(2) How have rising powers sought to reshape the structure of global economic governance, and how do they interact with each other and other actors (including established powers and existing international organizations) in this process? This cluster will explore such issues with reference to five key themes: development and infrastructure financing, international trade, international economic stability, regulation of standards, and industrial policy.

(3) What are the impacts of rising powers on resilience and sustainable development, in particular on the achievement of the Sustainable Development Goals and global environmental accords? This cluster inquires the social, institutional, economic and ecological foundations for the preferences and participation of rising powers in global governance, as well as the behavioural consequences that follow change in economic growth and the concurrent shifts in global power.

(4) What is the interplay of faith and markets in rising powers? Although various ideologies have promoted the view that a modernizing world will inevitably become less capitalist and less religious, we are instead witnessing a widespread turn both to capitalism and to religion. Through the application of diverse methodological and disciplinary research approaches, this cluster will explore the increasingly complex puzzles posed by the interaction of economic and religious activity in a number of areas, including but not limited to: the interplay between market and moral visions and their impact on national institutions and approaches to capitalism; religious institutions and networks of transborder trade, finance, migration, knowledge and expertise; late capitalism and approaches to social justice and ethics; circulations of law and their agents, networks and dynamics.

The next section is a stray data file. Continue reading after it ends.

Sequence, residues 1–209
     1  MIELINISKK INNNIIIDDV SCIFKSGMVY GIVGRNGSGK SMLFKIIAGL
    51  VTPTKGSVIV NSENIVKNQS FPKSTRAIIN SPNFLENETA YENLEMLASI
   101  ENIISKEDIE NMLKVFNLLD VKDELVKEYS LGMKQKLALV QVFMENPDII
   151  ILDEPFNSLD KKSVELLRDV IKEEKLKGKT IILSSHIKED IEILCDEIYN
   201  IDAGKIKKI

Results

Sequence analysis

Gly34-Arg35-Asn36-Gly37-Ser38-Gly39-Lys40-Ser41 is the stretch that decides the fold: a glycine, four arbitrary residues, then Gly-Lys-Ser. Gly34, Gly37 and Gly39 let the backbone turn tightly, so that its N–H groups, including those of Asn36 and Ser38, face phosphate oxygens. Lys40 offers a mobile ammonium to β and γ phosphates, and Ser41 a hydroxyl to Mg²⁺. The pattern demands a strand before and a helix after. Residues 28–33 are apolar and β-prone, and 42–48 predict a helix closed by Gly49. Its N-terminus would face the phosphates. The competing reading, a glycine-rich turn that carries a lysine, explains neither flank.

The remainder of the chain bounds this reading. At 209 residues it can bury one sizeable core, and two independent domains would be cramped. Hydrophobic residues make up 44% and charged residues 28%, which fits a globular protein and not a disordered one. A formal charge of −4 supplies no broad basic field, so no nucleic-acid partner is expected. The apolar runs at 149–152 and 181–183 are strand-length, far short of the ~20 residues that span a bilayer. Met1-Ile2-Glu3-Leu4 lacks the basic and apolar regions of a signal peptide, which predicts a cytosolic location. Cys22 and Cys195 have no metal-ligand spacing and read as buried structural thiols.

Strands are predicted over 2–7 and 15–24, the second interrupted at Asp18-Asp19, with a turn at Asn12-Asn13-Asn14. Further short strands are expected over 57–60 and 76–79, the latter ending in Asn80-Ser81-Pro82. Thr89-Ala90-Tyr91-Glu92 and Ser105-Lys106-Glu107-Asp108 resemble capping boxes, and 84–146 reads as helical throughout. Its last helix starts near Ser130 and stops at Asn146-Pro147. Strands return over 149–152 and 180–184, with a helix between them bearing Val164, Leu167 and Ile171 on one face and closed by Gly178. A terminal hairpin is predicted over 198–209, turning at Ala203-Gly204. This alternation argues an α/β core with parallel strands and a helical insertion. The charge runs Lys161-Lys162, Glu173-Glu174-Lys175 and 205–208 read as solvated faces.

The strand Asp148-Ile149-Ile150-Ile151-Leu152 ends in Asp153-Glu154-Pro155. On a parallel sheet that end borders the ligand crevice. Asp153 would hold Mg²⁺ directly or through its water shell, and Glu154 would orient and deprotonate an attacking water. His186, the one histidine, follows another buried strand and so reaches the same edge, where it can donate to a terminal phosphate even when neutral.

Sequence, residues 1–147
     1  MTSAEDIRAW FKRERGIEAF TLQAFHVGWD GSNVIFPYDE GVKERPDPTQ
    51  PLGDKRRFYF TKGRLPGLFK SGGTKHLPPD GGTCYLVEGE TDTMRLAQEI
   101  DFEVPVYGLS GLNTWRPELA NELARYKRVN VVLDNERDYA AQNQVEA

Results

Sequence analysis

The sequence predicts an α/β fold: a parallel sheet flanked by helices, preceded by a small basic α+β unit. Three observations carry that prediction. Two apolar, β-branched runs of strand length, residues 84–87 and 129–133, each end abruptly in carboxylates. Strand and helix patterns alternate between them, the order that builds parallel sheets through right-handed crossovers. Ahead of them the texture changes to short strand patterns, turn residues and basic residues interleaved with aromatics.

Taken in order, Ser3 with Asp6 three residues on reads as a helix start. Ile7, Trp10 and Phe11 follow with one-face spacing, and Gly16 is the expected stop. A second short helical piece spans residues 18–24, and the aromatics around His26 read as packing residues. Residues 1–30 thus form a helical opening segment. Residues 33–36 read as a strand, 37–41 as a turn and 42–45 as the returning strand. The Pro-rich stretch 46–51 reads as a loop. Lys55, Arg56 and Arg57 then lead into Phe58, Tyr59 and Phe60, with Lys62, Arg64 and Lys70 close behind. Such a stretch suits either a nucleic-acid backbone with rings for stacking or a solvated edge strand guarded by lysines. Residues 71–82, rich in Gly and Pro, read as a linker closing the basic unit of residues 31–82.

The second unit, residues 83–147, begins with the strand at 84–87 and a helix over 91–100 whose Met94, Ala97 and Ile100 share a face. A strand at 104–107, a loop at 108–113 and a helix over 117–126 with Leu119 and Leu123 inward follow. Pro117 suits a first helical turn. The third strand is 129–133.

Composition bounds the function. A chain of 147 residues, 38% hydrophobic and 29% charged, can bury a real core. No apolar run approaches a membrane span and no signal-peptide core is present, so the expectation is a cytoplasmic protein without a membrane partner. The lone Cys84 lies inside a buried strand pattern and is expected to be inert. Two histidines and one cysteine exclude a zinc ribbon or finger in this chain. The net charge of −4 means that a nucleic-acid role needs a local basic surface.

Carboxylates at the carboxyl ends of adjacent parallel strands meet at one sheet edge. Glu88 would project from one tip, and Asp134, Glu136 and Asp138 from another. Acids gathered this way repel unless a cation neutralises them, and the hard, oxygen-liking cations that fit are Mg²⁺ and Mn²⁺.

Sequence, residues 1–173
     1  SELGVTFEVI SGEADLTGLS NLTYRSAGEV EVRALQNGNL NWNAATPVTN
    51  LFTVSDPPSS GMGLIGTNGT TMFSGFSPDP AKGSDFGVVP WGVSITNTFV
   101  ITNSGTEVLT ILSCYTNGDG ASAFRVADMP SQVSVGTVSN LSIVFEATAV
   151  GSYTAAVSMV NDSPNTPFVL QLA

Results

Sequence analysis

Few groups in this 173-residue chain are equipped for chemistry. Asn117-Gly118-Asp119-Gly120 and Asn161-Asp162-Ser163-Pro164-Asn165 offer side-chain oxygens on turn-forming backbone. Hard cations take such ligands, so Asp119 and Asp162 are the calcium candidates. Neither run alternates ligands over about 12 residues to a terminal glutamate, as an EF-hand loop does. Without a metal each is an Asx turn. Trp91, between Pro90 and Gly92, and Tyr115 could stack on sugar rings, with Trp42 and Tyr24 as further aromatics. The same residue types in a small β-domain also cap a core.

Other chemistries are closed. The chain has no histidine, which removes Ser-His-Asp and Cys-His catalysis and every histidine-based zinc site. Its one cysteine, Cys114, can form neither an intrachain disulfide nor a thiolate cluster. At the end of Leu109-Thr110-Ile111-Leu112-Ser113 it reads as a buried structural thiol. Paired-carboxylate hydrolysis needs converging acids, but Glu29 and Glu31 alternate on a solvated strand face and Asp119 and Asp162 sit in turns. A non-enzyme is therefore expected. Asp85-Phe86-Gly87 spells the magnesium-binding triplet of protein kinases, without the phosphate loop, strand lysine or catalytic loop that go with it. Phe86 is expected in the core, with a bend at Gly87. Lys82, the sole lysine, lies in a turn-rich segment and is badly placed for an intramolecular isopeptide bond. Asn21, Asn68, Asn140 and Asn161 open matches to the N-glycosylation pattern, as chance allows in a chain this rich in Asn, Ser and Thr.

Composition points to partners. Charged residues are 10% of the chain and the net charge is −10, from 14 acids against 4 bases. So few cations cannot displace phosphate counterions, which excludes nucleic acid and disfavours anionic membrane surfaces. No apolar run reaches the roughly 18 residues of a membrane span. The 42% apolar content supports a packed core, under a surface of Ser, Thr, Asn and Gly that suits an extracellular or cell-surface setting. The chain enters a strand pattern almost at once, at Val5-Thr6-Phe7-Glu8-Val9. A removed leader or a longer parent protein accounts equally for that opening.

Eligibility requirements: